Borden (Frisco).
* *   *
On last Monday evening, a very
enjoyable dance was given at the Balmoral Hotel, by a few of the guests,
some of those present were: Miss
Vera Mason, Miss Newcombe, Mr.
and Mrs. Burge, Mrs. P. de Noe
Walker, Mrs. Musgrave, Mrs. Dundas,
Mr. and Mrs. Gulier, Miss Drake,
the Misses Page, Miss Lottie Bowron, • Miss Clare Battle, Miss England, Miss Walker, Miss A. McKay,
Miss Florence Gillespie, Mr. Young,
Mr. Colbourne, Mr. Myerstein, Mr.
Miller, Mr. Ward, Mr. Wm. Cartwright, and others. A very dainty
supper was served at about 11.30 in
the cafe of the hotel and dancing
was kept up until a late hour, a very
enjoyable time being spent by all
present.
* *   *
A marriage which took place recently was that of Miss Rebecca Fel-
don, of Darlington, England, and Mr.
Newland Phillips, of this city. The
ceremony was performed' by Rev. J.
B. Warnicker, at the home of the
brjde's sister, Mrs._ Frank Stubbs, the
bridal couple standing beneath a beautiful arch made of white carnations
and roses from which was extended
a bell of white and green. The bride
who was given away by her brother
was tastefully gowned in white silk
voille over taffeta, wearing the customary veil held in place by a chaplet
of bride's roses. She was attended
by her cousin, Miss Mary Constable,
who wore a dainty gown of pale pink
and carried a bouquet of pink carnations. The groom was supported by
Mr. Harry King. The bride's gift to
the groom was a handsome watch
fob, while the bridegroom's gift to his
bride was a gold and pearl pin; to
the bridesmaid a plain gold pin and
to the best man a set of gold cuff
buttons and stick-pin. Mr. and Mrs.
Phillips will make their future home
at 2744 Prior Street.
*   *   *
A very pretty wedding took place
on Tuesday afternoon last at Christ
Church Cathedral, when Elizabeth
Blanch, youngest daughter of Mrs.
Graves Clapham, of Quebec, but now
of 834 Pemberton Road, became the
biide of the Hon. Edmund Burke-
Roche, youngest son of Baron Fer-
moy, 01 Queen'stown, Ireland, only
the intimate friends and near relatives of the couple being present at
the ceremony, which was performed
by the Very Rev. Dean Doull, assisted by Rev. H. J. Underhill. The
bride's friends had decorated the
church beautifully with holly, ivy
and white chrysanthemums. The
bride, looking very striking, wore a
smart French costume of white cloth
with a rich lace collar with which
she wore a blouse of soft white crepe
de chine over shadow lace made with
Robespierre frills of real Mechlin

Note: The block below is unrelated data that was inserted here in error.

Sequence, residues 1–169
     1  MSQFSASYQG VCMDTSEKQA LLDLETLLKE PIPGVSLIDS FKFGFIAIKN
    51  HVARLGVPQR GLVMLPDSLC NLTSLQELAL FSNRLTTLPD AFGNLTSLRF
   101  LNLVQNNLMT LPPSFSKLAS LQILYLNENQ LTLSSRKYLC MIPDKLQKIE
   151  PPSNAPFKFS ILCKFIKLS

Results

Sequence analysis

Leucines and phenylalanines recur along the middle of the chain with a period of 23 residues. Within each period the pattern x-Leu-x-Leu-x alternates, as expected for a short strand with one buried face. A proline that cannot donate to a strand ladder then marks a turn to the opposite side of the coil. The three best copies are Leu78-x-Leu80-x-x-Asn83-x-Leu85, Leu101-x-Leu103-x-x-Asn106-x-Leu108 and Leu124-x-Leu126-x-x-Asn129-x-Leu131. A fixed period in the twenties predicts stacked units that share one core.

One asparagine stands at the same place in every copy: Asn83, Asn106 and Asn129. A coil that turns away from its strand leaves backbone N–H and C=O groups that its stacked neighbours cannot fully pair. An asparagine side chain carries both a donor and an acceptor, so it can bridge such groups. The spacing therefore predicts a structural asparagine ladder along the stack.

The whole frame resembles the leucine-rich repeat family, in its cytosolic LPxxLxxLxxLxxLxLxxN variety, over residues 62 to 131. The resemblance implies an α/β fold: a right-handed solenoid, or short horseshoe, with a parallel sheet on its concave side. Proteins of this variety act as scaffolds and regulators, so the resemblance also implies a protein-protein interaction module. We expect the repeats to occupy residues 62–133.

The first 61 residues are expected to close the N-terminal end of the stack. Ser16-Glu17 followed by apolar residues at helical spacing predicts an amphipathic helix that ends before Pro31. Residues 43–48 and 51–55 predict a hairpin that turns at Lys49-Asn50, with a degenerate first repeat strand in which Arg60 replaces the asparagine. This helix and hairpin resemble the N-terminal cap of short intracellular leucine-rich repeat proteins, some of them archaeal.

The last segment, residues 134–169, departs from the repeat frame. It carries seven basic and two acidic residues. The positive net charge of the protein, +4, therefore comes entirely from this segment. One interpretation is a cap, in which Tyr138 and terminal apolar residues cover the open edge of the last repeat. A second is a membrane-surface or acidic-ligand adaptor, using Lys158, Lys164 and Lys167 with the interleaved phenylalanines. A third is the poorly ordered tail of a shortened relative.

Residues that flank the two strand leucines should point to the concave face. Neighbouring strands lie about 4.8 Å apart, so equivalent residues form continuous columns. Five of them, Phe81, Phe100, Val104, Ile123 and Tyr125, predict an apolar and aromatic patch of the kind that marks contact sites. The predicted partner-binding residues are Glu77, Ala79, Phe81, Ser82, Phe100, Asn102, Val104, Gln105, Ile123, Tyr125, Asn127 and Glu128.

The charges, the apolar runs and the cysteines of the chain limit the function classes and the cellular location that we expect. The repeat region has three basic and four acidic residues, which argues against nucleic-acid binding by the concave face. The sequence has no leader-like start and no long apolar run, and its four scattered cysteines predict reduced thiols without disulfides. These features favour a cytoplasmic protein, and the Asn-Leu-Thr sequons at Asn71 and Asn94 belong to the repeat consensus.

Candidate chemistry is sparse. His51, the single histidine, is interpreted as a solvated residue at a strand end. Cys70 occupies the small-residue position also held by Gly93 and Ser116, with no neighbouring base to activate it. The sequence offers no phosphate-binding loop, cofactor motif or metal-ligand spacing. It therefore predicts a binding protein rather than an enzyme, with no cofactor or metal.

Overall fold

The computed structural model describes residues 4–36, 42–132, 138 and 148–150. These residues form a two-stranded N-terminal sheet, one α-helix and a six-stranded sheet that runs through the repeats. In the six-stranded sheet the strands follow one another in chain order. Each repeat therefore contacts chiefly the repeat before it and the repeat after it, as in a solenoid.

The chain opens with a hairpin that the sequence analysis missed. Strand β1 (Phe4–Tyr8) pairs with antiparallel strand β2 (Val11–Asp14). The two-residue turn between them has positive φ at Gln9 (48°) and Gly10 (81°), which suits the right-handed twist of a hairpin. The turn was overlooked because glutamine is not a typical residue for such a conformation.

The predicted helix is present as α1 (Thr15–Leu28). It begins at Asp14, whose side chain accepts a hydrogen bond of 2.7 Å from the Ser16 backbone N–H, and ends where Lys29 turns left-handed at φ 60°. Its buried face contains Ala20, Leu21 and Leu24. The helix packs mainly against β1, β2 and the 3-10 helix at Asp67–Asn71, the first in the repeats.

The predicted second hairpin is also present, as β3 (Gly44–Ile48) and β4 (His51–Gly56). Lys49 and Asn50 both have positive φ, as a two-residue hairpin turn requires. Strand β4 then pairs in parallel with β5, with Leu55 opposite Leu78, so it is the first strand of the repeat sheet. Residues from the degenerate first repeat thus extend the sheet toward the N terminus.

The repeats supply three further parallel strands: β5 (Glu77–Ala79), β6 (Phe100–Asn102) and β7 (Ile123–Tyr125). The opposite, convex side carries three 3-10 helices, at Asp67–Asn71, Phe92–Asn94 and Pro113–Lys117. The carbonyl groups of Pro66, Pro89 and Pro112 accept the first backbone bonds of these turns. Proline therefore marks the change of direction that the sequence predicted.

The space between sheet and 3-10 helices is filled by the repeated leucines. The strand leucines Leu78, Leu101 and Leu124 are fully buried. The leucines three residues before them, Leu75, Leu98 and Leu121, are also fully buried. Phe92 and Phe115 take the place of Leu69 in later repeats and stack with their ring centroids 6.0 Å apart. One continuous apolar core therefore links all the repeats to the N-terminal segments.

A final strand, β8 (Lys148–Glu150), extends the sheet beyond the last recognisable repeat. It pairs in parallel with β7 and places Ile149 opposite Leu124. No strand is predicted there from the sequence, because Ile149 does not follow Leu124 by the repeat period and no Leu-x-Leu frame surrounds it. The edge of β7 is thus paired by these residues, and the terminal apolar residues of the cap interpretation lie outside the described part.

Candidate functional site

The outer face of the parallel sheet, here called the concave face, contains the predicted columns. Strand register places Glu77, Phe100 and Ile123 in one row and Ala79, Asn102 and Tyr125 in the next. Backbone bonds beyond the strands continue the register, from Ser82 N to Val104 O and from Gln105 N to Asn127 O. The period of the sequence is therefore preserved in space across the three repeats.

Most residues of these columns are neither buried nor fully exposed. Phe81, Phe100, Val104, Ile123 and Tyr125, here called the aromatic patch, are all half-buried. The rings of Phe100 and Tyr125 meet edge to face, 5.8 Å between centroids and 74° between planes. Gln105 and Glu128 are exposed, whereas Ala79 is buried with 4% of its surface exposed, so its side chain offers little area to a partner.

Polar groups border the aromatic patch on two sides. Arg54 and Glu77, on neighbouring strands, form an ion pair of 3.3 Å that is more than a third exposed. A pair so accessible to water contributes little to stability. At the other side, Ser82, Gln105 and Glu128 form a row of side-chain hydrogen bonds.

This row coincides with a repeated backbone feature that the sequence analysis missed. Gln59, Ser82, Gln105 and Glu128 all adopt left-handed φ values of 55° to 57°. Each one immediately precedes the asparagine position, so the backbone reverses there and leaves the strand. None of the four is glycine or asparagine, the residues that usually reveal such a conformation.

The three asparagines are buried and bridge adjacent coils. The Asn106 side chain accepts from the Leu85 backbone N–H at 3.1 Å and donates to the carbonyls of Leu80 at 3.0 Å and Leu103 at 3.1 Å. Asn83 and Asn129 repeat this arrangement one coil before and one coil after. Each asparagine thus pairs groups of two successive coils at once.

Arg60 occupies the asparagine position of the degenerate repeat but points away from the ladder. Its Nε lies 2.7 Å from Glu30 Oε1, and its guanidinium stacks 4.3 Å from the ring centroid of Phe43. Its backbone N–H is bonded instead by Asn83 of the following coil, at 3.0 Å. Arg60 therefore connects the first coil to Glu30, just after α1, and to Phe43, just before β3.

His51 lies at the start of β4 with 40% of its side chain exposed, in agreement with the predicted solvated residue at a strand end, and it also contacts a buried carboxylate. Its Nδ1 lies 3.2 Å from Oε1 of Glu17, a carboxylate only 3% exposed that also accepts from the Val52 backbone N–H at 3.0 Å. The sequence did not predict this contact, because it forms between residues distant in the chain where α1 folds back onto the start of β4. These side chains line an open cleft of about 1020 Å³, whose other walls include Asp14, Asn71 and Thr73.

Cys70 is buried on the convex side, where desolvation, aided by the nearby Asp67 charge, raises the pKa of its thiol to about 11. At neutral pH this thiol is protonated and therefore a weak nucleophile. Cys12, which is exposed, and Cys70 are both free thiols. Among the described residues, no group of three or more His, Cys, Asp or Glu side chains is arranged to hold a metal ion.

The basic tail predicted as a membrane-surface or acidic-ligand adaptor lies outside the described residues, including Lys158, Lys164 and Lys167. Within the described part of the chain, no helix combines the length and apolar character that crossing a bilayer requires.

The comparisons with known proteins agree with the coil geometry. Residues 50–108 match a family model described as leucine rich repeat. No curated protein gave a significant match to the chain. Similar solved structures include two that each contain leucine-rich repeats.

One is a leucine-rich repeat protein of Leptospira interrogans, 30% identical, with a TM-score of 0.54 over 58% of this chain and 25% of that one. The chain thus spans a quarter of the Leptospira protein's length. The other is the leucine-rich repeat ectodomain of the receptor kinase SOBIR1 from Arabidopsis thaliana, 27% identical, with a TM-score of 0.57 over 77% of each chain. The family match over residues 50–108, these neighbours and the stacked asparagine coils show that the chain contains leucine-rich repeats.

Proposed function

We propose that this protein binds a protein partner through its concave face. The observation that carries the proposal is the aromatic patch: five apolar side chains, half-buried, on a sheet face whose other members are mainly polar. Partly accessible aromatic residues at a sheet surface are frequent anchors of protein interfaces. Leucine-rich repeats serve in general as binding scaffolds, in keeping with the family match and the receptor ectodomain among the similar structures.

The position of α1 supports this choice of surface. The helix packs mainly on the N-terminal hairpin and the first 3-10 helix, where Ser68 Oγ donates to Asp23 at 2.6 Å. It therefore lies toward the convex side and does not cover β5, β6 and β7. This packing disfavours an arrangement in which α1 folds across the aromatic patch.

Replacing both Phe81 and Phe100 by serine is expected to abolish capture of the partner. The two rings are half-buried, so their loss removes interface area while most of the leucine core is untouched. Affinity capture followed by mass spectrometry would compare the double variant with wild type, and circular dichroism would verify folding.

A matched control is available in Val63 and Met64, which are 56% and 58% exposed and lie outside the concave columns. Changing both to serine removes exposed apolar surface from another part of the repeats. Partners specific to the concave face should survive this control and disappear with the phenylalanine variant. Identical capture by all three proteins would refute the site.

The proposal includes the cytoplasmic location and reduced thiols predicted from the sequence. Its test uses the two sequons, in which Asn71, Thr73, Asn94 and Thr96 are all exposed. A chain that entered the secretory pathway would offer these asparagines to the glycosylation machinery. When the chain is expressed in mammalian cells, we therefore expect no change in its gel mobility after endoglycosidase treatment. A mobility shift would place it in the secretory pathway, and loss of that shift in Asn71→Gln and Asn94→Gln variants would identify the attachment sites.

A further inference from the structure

lace—an heirloom presented to the
bride from her mother. With this
she wore a hat of white panne velvet
handsomely adorned with ostrich
feathers, her only ornament being the
gift of the groom, a beautiful diamond and pearl pendant set in platinum, and a diamond and emerald ring.
She carried a bouquet of white carnations and bride roses.   Her brides-
(Continued on Page iz)
The Most Popular Gift
in the World
Perhaps the most popular Christmas gift in the world for men is
the necktie or cravat. This for
the very good reason that a man
always appreciates the gift of a
handsome tie with true sincerity.
But be sure you get the tight tie.
If you ask your dealer for Reid
Cravats yr-.i are sure to get a
Cravat that has built up an enviable fame among smartly-dressed
men—a fame for strikingly beautiful patterns, handsome, durable
materials, and perfect style.
Reid's Real
Bengalene
is a special weave that won't
wrinkle, won't show pinholes, and
to show you some of the thirty-
five rich new shades of Reid's Real
Bengaline   Cravats,   priced   from
,50c to $1.50
OR WRITE
A. T. REID & CO., Limited
272 King Street West,
Toronto
JUST
OPENED
The New. Idea
Store
With a Complete New Line of Stock
Hand Made Xmas Presents our Specialty
648 JOHNSON STREET VICTORIA, B. C.
Gift Hampers
Are you going to delight your friends with a
Hamper of Assorted Wines and Dainties ?
We pack according to instructions.
A SUGGESTION
Bottle Grand Highland Scotch.
"   Bailey's Port.
"   Cherry Brandy.
"   Ginger Wine.
"   Creme   de   Violettes   or
Benedictine.
Bottle D. & H. Sherry.
"   Gold Lion Cocktails.
"   Burgundy or Champagne.
"   Claret or Chianti.
"   Angelica or White Port.
Box Cigars and Cigarettes.
w\
Or a portion of the above with a Plum Pudding and other
Toothsome Delicacies.
H. 0. Kirkham & Co., Ltd.
74ii 743 74S FORT STREET
Grocery Store Butcher Shop Liquor Store
Tels. 178,179 Tel. 2678 Tel. 2677
Raphael Tuck's Cards and Calendars
Finest in the World--AW on Sale at
Victoria Book & Stationery Co., Ltd.
1004 Government Street        Telephone 63
What you want, the way you want it
Afternoon Tea, Dainty Luncheons,
Special Teas for parties by arrangement.   Do not forget—We always
*       keep on hand guaranteed
New Laid Eggs.
The TEA KETTLE   u» douglas st.
MISS M. WOOLDRIDGE, Proprietress        Opposite the Victoria Thtatrt
_____ ^HB
Merchandise Bonds
You can save yourself the trouble of choosing that Christmas
Gift by using our Merchandise Bonds, redeemable
in goods of any description at either our
Victoria or Vancouver Stores
STORE OF
F, A. 60WEN, Managing Director
1114 Government Street
We OfiVr
A   first   class   stock   of
Apples,   Pears,  Cherries,
Prunes,  Plums,  Peaches,
        Apricots and small fruits.
Also Ornamental Trees and Shrubs, decidious and evergreen, Roses, etc.
The very finest quality and best assortment grown in B. C. Catalogue
free.     Personal   inspection   invited.    Now    is    the    time   to   order.
LAYRITZ NURSERIES
CAREY ROAD, VICTORIA BRANCH AT KELOWNA, B. C.
PHONE M1054 THE WEEK, SATURDAY, DECEMBER 21, 1912
U
"Sotto Voce
The Week's Rumours and
Humours
(By The Hornet)
ff
That the local postal authorities
have made special provision to guard
as far as possible against a repetition
of last year's blockade.
* *   *
That with the limited accommodation at their disposal they have done